Old Song Come On Baby Let The Good Times Roll The Fruit-Cake (Act IV: The Apartment Part one of two Parts)

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The Fruit-Cake (Act IV: The Apartment Part one of two Parts)

Act IV

The Apartment

Rosario and Lee got married, they are now in their own small apartment, it is mid-afternoon [and by implication], the apartment is more similar to a studio-apartment, having one large room with a roll-a-way bed [otherwise known as a Murphy Bed], and an archway to the kitchen that is a little pronounced because of its huge ceilings; — the bathroom is beyond the kitchen, that one can only see a door to.

This is a good time to let you in on the news, Oliver, our faithful, man of dry-wit, was the best man at the wedding, which took place six-months ago. I can assure you, he was a blast, but on the other hand, I can’t really say much about the furniture in their new apartment, it is not a blast, at least to look at, it is rather simple at its finest, ordinary; I think Rosario is satisfied with this although, but Lee is a bit embarrassed. There is a radio and sofa chair by Lee, and a stand next to his right elbow; about several feet from his chair is a rocker for– [you got it] Rosario, with a tall floor lamp by her chair, woops, both Rosario and Lee have a floor lamp by their chairs. Lee is a firm believer in the old ways of life, man should have his own big chair, and lamp; –Lee is now looking at his first disability check he got from the Government, for he can no longer work because of his heart and possible future stroke along with something unknown that makes him weaker than one would expect; as time passes on, the doctors are checking him out, possible a neurological issue of sorts they say.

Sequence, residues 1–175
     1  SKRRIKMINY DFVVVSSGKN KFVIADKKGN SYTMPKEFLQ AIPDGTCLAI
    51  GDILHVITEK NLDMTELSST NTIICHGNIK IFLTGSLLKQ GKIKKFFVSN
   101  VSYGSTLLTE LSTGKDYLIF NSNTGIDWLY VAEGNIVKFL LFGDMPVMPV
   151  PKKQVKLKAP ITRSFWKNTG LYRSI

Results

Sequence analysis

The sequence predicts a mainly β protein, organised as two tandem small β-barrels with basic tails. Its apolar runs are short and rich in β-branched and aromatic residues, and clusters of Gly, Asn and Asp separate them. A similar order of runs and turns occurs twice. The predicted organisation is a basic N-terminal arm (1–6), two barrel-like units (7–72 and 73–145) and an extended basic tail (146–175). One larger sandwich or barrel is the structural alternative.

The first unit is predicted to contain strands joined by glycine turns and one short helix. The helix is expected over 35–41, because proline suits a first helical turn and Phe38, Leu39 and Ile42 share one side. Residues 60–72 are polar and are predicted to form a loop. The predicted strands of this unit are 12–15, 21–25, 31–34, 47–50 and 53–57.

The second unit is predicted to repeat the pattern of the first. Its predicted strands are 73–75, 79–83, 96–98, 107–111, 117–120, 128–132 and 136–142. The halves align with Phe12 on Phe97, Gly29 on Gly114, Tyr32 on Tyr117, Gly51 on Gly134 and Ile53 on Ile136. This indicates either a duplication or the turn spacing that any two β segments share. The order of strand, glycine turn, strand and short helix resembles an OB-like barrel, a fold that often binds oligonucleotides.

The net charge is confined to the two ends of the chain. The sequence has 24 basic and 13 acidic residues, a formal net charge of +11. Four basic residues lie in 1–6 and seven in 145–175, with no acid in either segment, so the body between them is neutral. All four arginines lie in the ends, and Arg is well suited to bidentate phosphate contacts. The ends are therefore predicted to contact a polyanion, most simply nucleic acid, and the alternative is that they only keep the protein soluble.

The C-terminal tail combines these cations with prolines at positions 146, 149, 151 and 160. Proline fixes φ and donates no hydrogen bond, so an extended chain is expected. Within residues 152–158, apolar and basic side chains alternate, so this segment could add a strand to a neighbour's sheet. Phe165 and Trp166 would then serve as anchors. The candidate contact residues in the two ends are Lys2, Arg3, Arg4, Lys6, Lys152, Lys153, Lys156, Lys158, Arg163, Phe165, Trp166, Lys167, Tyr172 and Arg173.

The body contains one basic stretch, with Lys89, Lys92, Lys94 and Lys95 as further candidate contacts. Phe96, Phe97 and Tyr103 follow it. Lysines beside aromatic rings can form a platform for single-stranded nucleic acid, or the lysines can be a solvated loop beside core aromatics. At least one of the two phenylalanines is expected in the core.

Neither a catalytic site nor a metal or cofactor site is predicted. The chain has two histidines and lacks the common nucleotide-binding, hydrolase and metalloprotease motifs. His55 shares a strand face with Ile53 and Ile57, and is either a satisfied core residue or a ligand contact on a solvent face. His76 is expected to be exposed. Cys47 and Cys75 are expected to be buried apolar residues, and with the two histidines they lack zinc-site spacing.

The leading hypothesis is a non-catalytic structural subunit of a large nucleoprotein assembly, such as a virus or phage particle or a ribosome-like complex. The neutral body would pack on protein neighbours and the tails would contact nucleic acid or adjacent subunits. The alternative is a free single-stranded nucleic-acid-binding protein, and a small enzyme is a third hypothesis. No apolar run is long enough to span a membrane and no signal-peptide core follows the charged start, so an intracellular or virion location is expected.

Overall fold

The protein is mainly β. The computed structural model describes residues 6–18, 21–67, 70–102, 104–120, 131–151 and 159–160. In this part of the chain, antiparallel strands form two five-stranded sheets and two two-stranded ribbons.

On the other hand, Rosario continues to work at the hospital and Oliver now their new best friend has retired, he worked in the fur trade, and then after that become obscure, and he worked at the Post Office. Rosario has walked over to Lee and he shows her the government check. As I am explaining this to you, she [Rosario] knows he cannot work anymore, and so she is thinking about going over to encourage him in his life long dream, which is to write music, and combine that with his poetry.

Rosario. Lee!

Lee. Yaw– [Rosario putting the check back into Lee’s hands] what’s up!

Rosario. Why don’t you write some music, like you’ve always wanted to, you got the time, I support it, and who knows, it could be quite enlightening? [She walks into the kitchen; she has planted the seed, now it’s ‘food for thought,’ time.]

There is no reply.

Lee! [Says Rosario.]

–Still no reply…

Lee! Are you out there?

Lee [with uncertainty]. Are you, you really serious?

Rosario [enthusiastically]. As serious as a heart attack– oops, I didn’t mean that, the wrong word. It will keep you busy, and you’re fond of music, and I adore your poetry.